Saturday 20 February 2016

Coleton Fishacre

I'm going to be honest with you, readers, I am not in a good place with this blog at the moment. It's supposed to be an affectionate and light-hearted diary of my National Trust adventures, with some scones thrown in as a common denominator. 

I want every scone to be a 5-star lump of gloriousness. I don't want to criticise anyone's work or make them annoyed or sad. And the very good news is that the secret of scone gloriousness is actually very, very simple; having now visited 110 NT properties, I can tell you that the one single factor that almost guarantees enjoyment of a scone is freshness. Scones need to be baked fresh on the day. That's the secret.

The National Trust has been standardising the scone recipe across all of its properties for some time. If this is to cut costs, then OK - it's a risk, because people will stop buying them if the quality drops, and it's kind of a shame to lose the individuality of each property - it's always been part of the fun for me. But I get the need to try for efficiency.

But if it's to improve quality, then it's failing. Both scones I had today were poor. The Coleton Fishacre scone was inedible. If the NT wants to standardise scones to improve quality, then don't worry about the recipe; focus on making sure they are fresh. If scones are not baked fresh on the day, a cream tea is not worth £4.20 in my mind and I'm not going to waste any more of my money on them.

Anyway - ENOUGH of this. This is a blog about scones, not the refugee crisis or Brexit.  

If there's one thing that can rescue a bad scone experience, it's a FANTASTIC house - and that's exactly what we got today at Coleton Fishacre:

Coleton Fishacre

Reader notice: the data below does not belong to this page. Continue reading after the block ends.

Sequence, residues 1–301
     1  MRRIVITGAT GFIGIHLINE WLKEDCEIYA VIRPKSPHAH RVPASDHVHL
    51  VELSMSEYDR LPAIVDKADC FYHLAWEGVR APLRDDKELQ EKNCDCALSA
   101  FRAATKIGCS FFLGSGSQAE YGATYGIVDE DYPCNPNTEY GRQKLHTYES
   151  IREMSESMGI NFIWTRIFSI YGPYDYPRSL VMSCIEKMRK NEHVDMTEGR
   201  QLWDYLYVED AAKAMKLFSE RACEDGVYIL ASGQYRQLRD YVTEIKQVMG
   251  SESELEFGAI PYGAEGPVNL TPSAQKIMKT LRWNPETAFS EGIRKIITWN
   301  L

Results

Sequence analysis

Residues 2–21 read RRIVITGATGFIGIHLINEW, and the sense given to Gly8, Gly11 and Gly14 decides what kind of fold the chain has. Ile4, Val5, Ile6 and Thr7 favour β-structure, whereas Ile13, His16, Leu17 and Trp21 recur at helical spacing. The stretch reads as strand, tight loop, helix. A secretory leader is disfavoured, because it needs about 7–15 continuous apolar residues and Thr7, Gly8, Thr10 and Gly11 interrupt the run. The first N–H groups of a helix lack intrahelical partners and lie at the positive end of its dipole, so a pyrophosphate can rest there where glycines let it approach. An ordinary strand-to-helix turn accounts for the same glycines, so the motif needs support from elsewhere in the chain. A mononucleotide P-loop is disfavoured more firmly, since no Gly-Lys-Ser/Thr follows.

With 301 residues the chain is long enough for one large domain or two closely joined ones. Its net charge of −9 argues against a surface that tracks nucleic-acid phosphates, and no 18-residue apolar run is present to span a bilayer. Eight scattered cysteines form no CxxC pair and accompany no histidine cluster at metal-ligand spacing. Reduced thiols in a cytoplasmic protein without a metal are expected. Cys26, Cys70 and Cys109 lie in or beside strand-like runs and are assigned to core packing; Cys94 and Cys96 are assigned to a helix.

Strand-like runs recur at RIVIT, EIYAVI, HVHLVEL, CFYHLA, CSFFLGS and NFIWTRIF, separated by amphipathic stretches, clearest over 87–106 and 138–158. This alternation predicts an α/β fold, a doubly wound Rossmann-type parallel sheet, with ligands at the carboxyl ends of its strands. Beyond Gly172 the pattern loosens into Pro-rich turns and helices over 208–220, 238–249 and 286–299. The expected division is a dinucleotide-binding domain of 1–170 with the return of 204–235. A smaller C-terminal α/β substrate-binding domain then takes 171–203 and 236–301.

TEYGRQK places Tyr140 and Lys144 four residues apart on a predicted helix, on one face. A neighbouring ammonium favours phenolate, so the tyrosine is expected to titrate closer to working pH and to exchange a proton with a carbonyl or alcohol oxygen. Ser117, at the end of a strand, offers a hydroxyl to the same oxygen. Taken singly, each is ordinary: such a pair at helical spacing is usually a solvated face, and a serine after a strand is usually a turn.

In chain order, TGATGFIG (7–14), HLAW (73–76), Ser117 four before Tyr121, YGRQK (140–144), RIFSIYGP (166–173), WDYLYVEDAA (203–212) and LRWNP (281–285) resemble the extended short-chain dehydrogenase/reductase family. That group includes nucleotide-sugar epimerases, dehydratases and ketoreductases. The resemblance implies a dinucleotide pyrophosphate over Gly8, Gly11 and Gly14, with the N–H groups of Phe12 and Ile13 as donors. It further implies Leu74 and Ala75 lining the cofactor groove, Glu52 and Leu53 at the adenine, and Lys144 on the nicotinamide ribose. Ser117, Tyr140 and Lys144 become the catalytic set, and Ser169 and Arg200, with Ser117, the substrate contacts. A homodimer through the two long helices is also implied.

Coleton Fishacre was built in 1923 by Rupert and Dorothy D'Oyly Carte. Rupert was the son of Richard D'Oyly Carte, the theatre impresario who made a huge success out of Gilbert and Sullivan, and who also built the Savoy Hotel.

Coleton is located near Kingswear, close to the Devon coast. Some factoids:

  • It was designed by Oswald Milne, a one-time assistant to Edwin Lutyens
  • The house was inspired by the Arts and Crafts Movement - it is built out of stone that was quarried from the 24 acre garden
  • The interior, however, is Art Deco - some of the fixtures are original
  • Dorothy lived there permanently, while Rupert came down from London every weekend with friends and associates for entertaining
  • In 1932, the D'Oyly Carte's son, Michael, was killed in a car accident - they separated a few years later and Dorothy moved out
  • Rupert died in 1948 
  • His daughter, Bridget, sold Coleton to Rowland Smith, a very successful London car dealer, in 1949
  • When his widow Freda died in 1982, it was sold to the National Trust who opened the gardens to the public and tenanted the house
  • It was fully opened to the public in 1999

I loved Coleton Fishacre. Some of my highlights:

1. The building